July 05, 2023

UAB CARES Program Support Early-Career Scientists Amidst COVID-19 Challenges

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covid19 imageThe University of Alabama at Birmingham (UAB) COVID-19 Caregiving Affected Early-Career Research Scientists (CARES) Retention Program was established in 2021. Its purpose is to support early-career researchers who experienced a decline in their scholarship and research output due to caregiving responsibilities during the pandemic’s peak. CARES aims to prevent these researchers from leaving academic research by providing funding for additional support.

“The overarching goals of CARES is to ensure successful scholarship, avoid an early career funding gap, and avert attrition from academia – disproportionately experienced by women and persons from backgrounds underrepresented in science,” says Heersink School of Medicine program contact Michael Mugavero, M.D., MHSc.

Over the last two years, CARES at UAB has granted up to $50,000 each to 28 assistant and associate professors from the schools of Medicine, Health Professions, Nursing, and Public Health. These grants serve as a means to assist caregiving-affected investigators in restoring their research productivity.

Recipients also engage in a monthly seminar series organized by CARES at UAB. Initially designed to foster a sense of community, the seminar series serves multiple purposes, such as offering lectures on career development strategies and providing a platform for awardees to present their ongoing projects. Over time, the series has evolved into a supportive environment where awardees can openly discuss their unique challenges as scientists and caregivers. This forum encourages honest conversations and enables participants to effectively contribute their thoughts and ideas to tackle these issues.

CARES at UAB initially received funding from the forward-thinking Fund to Retain Clinical Scientists (FRCS), sponsored by the Doris Duke Foundation, and focused on supporting and retaining physician-scientists at UAB. Internally at UAB, the program received an overwhelming enthusiasm to broaden the scope to include non-physician scientists.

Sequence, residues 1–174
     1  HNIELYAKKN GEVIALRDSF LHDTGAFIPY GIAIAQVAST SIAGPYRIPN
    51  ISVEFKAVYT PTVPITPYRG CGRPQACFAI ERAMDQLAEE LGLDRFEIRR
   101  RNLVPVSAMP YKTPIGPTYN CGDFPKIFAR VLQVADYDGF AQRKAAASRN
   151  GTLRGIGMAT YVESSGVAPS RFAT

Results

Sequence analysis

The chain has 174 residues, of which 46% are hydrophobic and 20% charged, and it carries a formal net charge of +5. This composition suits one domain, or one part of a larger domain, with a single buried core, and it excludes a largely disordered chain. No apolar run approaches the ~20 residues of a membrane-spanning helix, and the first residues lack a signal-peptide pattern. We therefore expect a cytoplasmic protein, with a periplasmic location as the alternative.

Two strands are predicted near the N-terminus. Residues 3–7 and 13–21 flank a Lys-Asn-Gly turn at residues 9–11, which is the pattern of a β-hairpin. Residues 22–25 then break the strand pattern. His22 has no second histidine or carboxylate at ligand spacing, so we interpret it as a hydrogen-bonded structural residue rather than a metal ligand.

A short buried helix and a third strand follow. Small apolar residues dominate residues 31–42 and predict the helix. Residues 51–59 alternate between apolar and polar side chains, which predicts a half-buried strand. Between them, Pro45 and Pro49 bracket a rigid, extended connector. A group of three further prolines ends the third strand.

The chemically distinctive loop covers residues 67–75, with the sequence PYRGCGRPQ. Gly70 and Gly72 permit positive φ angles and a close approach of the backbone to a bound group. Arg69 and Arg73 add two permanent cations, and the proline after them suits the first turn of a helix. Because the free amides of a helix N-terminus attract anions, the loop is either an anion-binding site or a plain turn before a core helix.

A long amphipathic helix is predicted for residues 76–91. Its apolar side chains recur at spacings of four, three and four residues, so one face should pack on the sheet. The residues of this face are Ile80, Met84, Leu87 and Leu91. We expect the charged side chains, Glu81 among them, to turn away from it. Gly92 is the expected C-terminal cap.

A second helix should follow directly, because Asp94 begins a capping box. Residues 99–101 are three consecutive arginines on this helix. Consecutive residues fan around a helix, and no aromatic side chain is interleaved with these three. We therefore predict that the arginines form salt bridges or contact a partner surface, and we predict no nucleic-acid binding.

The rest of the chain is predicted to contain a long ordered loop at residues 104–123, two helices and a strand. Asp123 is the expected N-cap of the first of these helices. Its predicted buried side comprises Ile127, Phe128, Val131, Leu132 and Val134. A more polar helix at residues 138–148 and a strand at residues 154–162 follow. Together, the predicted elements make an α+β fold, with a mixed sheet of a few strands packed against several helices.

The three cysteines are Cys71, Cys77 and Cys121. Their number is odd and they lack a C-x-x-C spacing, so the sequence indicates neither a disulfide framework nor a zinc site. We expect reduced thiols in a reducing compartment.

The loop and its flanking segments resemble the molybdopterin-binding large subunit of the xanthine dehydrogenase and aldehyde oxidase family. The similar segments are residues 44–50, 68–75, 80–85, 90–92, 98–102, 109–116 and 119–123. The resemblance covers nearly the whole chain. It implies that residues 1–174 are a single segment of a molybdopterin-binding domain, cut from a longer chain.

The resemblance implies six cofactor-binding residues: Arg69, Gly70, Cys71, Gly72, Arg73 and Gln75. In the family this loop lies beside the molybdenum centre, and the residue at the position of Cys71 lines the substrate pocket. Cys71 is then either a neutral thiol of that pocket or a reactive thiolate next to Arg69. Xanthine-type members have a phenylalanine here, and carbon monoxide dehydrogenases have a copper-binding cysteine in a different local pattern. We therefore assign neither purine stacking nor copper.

The program expanded its reach thanks to additional funding from various institutional sources, including the schools of Medicine, Health Professions, Nursing, and Public Health, the Center for Clinical and Translational Science, and the Department of Pediatrics. As a result, 16 additional awards were made available specifically for non-physician researchers in the four aforementioned schools. These additional funds played a crucial role in supporting and recognizing the valuable contributions of non-physician scientists within the program.

Awardees from the first round of grants took the opportunity to express how the supplemental funding has positively impacted their professional journeys:

“CARES funding has allowed me to finish analyses, manuscripts, and disseminate results that I would otherwise not have been able to accomplish.”

“The CARES program has been fantastic – I appreciate the “extra hands” that have allowed me to make progress without making undo sacrifices in other arenas.”

“This funding has been extremely helpful in moving this project forward. I am thankful for the opportunity to hire a research assistant to help with data entry and project administration.”

Read more about the program.